Why I Made a Film Called <i>Free the Nipple</i> and Why I'm Being Censored in America

A woman going bare-breasted will draw more stares than a man doing the same, but why? Why is a woman's nipple so controversial?
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Question: What is the legal penalty and fine for a woman walking topless on the streets of New York City?

a) 3 days in jail and $1,000

b) 1 days in jail and $5,000

c) 5 days in jail and $1,500

Answer: It's a trick question, because, according to statute 245.01 per the Appeals Court of The State/City of New York, it is completely legal for a woman or a man to opt not to wear a shirt (or bra) in public. Of course, a man wearing a bra will get more stares than a woman wearing a bra (thank you, Madonna) and a woman going bare-breasted will draw more stares than a man doing the same, but why? Why is a woman's nipple so controversial? I decided to tackle this subject with my new film -- Free the Nipple.

Is it simply a matter of societal taboos, which is to say, a matter of social conditioning? Or are there perhaps intrinsic biological factors, some deep DNA override to why we are so programmed to stare at a woman's nipples? For the record, today in the USA it is ILLEGAL, a CRIMINAL ACT for a woman to be publicly topless in 37 states, and yes, that even includes breastfeeding in five of those states. Thankfully our country has a very long tradition of amending draconian laws when they no longer serve our modern times. Is it possible with some cultural engineering, a little "societal enlightenment" we could influence legislation and the shock-and-shame reaction that one topless character in my film addresses with the rallying cry: "Don't subject me to your shame, about my body!"

Freeing The Nipple aside, the film focuses on the hypocritical contradictions in our media-dominated society wherein acts of baroque violence, killing, brutalization and death are infinitely more tolerated by the FCC and the MPAA, who regulate all films and TV shows in the US. Did you know an American child sees over 200,000 acts of violence and 16,000 murders on TV before they turn 18 and not one nipple? Yet the FCC fines CBS $550,000 for Janet Jackson's infamous Super Bowl wardrobe malfunction; which was covered by a metal "nipple shield" if one looks at the footage. And the mere suggestion of a single lovemaking act with Evan Rachel Wood and Shia LaBeouf in the recently-released Charlie Countryman sends the MPAA into a frenzy, while simultaneously forcing Martin Scorsese to re-cut sex scenes and nudity in his soon to be released The Wolf of Wall Street.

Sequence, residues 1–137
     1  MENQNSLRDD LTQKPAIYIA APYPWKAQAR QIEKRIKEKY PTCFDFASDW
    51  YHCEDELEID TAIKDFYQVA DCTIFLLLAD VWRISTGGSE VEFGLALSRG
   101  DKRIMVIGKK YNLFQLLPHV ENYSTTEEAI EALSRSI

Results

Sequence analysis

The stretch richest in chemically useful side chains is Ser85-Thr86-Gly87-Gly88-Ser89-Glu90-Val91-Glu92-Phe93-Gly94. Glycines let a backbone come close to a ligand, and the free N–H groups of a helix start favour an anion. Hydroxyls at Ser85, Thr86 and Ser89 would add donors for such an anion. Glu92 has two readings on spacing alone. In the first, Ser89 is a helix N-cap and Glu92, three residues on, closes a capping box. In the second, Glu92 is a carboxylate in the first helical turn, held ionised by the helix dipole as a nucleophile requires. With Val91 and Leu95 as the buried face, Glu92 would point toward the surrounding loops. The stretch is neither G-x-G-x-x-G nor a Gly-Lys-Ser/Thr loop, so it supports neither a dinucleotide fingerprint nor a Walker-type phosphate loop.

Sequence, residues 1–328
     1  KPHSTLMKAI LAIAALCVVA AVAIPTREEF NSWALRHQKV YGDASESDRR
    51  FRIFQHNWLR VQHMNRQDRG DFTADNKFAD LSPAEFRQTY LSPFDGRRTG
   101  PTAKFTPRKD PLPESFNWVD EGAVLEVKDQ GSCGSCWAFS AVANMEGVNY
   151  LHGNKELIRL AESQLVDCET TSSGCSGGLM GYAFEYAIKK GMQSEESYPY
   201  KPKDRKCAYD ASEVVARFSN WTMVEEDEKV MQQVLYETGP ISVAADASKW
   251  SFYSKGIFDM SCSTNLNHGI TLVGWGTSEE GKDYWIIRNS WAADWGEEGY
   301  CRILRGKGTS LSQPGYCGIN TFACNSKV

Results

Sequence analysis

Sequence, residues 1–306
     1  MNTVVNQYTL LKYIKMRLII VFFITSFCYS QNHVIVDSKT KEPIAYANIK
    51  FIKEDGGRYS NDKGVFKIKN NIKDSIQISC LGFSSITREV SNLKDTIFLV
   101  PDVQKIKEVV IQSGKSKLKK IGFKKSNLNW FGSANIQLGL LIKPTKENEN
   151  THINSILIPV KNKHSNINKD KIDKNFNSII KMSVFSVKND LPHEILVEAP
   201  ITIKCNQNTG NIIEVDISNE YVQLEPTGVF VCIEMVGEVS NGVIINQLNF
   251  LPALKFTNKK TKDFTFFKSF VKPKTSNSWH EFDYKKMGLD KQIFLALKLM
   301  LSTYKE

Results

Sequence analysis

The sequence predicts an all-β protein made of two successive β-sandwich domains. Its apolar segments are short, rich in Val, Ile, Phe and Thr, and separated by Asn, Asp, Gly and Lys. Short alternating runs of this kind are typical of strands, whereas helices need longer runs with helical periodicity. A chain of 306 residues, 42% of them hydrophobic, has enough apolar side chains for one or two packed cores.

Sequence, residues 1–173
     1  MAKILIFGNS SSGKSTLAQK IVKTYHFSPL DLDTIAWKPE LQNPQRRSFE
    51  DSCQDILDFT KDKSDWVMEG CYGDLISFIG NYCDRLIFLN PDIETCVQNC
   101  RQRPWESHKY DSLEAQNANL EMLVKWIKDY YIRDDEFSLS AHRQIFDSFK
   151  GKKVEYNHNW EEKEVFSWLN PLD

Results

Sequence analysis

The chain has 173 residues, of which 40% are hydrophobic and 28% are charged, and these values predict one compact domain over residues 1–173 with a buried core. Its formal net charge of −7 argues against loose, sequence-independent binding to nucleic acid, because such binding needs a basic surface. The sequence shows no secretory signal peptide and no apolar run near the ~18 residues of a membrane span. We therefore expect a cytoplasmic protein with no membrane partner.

My own film, Free The Nipple (which I directed straight through Hurricane Sandy, unaware of the second, very different "storm of censorship" I would face) is based on the real-life efforts by a group of women who, like Delacroix's "Liberty Leading The People", bravely fought the double-standard body-censor laws in New York which stipulated that only men could be shirtless in public. Their direct actions resulted in the 1992 victory and legalization of public toplessness for women in New York City -- and yet the NYPD continued to arrest women anyway!

How I Learned To Stop Worrying & Just Go Topless

And so, in 2012 I took to the streets with my cast, crew, and armies of topless women in an attempt to end this insane war on women's boobs.

And in a case of life imitating art -- or more specifically, I like to think -- art catalyzing civil, civic action -- the first week we started shooting Free The Nipple, something extraordinary happened: our little independent film exploded into a full-blown "real life" series of direct actions, with topless women, activist groups and graffiti artists invading the streets of New York, waging cultural war for our freedom. It was beyond inspiring to see so many dedicated individuals from so many walks of life, filling in to play their part in a concerted movement.